Continuing our discussion on gut bacteria ... In the last article, we discussed the emerging health conditions that have been linked to disrupted gut bacteria.

Continuing our discussion on gut bacteria … In the last article, we discussed the emerging health conditions that have been linked to disrupted gut bacteria. Everything from auto immune disorders and allergies to mood issues and stubborn weight loss have been linked to disrupted gut bacteria. (If you haven’t read our gut bacteria intro article, please go back and read it for context … and consider purchasing The Microbiome Diet for a deeper education on the subject.

In order to repopulate the gut with healthy bacteria, it is important to know how to “feed” the bacteria you are trying to grow. Probiotics are a great place to start, but quite often, they don’t have the right type of bacteria or are broken down by stomach acid and bile before they reach the location where they are most needed. DoTerra PB Assist+ probiotic is one of the best on the market, contains a double wall construction that allows it to remain intact longer in the digestive process as well as containing prebiotics. I have seen great changes in my clients when using this product not only for chronic gut issues, but for kickstarting stubborn weigh loss as well.

There are several elements in our environment that it is important to be aware of as well. If you are going to exert the effort to repopulate the gut, you also want to take steps to avoid exposure to substances that kill the good bacteria as well. Below is a short list. There are many more things to avoid, but these are the major ones. Since you can’t avoid everything, it is important to keep it simple and focus on the basics. Try to avoid the foods/chemicals below to begin your journey toward repopulating your gut.

  • Sugar (feeds the bad bacteria)
  • Refined grains (feed the bad bacteria)
  • Antibiotics (cause a disruption in the ratio of bad/good bacteria. Avoid them whenever you can. Find an essential oils consultant who can guide you through the use of oils for natural antibiotics) When you must take antibiotics, be careful to include a probiotic when you are taking them as well as for a few weeks after you are finished. As a side note, be aware of how weight often becomes more difficult to control after a course of antibiotics.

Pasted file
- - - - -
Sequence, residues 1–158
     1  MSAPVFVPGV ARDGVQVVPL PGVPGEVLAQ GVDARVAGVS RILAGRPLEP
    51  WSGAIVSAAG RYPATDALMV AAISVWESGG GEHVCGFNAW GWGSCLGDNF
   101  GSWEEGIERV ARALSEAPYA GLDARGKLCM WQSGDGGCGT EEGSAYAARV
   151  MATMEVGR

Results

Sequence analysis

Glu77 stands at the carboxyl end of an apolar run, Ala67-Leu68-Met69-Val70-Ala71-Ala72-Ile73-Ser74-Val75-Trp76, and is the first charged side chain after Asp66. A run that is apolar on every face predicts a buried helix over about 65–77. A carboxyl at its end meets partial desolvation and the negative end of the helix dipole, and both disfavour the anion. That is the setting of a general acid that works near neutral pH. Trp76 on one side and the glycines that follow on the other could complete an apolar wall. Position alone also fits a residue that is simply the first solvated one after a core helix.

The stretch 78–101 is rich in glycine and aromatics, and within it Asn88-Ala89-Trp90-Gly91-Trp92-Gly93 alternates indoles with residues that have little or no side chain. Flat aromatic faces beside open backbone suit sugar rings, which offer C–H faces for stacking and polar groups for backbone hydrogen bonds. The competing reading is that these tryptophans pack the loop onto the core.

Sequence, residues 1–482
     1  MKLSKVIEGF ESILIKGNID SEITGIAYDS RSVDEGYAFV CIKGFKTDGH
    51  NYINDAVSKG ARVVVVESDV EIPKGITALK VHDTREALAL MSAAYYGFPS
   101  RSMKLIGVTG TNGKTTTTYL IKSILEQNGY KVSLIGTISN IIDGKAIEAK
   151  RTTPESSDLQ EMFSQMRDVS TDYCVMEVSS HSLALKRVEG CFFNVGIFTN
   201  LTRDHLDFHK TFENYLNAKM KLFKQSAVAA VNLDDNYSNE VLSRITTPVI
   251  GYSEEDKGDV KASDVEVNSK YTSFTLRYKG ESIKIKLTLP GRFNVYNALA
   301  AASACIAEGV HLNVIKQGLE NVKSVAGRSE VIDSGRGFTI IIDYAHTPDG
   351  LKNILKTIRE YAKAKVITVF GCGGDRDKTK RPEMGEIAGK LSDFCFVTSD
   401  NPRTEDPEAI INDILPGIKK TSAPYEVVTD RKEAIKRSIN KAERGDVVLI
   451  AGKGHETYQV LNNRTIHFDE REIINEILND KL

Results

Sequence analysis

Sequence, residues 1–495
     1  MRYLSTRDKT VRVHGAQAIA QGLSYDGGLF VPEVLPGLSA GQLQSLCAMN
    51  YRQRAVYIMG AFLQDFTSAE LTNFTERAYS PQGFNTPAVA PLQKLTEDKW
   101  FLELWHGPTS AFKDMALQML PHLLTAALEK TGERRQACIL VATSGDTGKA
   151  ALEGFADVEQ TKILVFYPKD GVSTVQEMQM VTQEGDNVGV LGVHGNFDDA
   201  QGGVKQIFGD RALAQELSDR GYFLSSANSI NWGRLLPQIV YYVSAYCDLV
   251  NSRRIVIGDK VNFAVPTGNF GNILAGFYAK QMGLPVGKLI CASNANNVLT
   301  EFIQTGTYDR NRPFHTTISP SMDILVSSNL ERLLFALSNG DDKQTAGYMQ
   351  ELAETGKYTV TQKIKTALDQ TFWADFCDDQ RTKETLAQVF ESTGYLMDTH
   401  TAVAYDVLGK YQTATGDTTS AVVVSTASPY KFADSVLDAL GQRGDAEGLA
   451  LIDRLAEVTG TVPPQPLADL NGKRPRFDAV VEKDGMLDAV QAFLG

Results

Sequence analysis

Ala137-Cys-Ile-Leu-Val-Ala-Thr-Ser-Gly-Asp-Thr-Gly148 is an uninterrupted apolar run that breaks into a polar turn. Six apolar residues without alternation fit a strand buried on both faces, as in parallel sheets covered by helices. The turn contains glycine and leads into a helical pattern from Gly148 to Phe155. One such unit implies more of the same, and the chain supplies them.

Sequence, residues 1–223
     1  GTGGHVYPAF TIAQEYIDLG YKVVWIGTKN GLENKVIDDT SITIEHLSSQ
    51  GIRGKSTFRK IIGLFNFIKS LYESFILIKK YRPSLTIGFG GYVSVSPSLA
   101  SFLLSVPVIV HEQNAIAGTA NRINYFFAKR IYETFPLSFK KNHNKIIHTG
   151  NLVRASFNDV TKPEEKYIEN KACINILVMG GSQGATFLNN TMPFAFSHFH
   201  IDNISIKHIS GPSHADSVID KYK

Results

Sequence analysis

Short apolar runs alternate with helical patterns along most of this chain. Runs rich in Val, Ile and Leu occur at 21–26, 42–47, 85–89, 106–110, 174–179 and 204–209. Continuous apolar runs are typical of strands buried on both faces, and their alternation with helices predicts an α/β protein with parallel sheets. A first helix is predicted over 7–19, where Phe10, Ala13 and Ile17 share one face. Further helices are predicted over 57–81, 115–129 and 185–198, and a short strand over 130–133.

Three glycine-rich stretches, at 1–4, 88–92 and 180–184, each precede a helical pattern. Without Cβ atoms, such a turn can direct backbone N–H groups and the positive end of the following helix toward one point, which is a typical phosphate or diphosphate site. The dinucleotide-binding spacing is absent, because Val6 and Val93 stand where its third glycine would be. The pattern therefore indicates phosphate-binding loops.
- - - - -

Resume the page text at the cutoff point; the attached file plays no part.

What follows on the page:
• Chlorine and fluoride in drinking water also cause a disruption in gut bacteria. Always try to filter your drinking water for these contaminants.
  • Processed foods (between the refined sugar and grains and chemicals used in processed foods, it is just a good guideline to stay away from them)
  • Artificial sweeteners

Once you have gotten a handle on what to avoid, it is important to start repopulating your gut with the bacteria that it needs. Eating foods that are naturally rich in probiotics is the absolute best way to repopulate the gut. Remember from the last article that the gut can completely re-colonize in 24 hours which means that you can start seeing the health benefits of changing your bacteria within a few weeks of making simple changes about what you eat and are exposed to. The list below contains some great foods for repopulating your gut with the bacteria that it needs.

  • Apple cider vinegar (Check out some of these great uses for it )
  • Kombucha – a great fermented tea with lots of flavors and varieties. Available refrigerated in the salad section of most grocery stores. Here is my favorite brand. These drinks do have sugar, so 1/3-1/2 of bottle is all you need in a day to get the probiotic benefit.
  • Kimchee – available at most grocery or health food stores. Just make sure to choose unpasteurized kimchee as the pasteurization process kills much of the bacteria
  • Sauerkraut – found in most grocery stores. Again, unpasteurized.
  • Yogurt….just be careful. Though Activia yogurt is marketed for its probiotic properties, ALL yogurt has probiotics. Much of Activia’s yogurt is “light” and has artificial sweetener which counteracts the benefits of the probiotics anyway. Make sure to reach for only plain organic Greek yogurt and add fresh or frozen berries to it (and maybe a little drizzle of local honey)

Heart with Leaf


  • Look through both the things to avoid and things to add when trying to rebalance your gut bacteria. Start with one serving of gut friendly foods and work up to a few tablespoons with each meal. Think outside the typical schema of always choosing yogurt. Your body needs variety.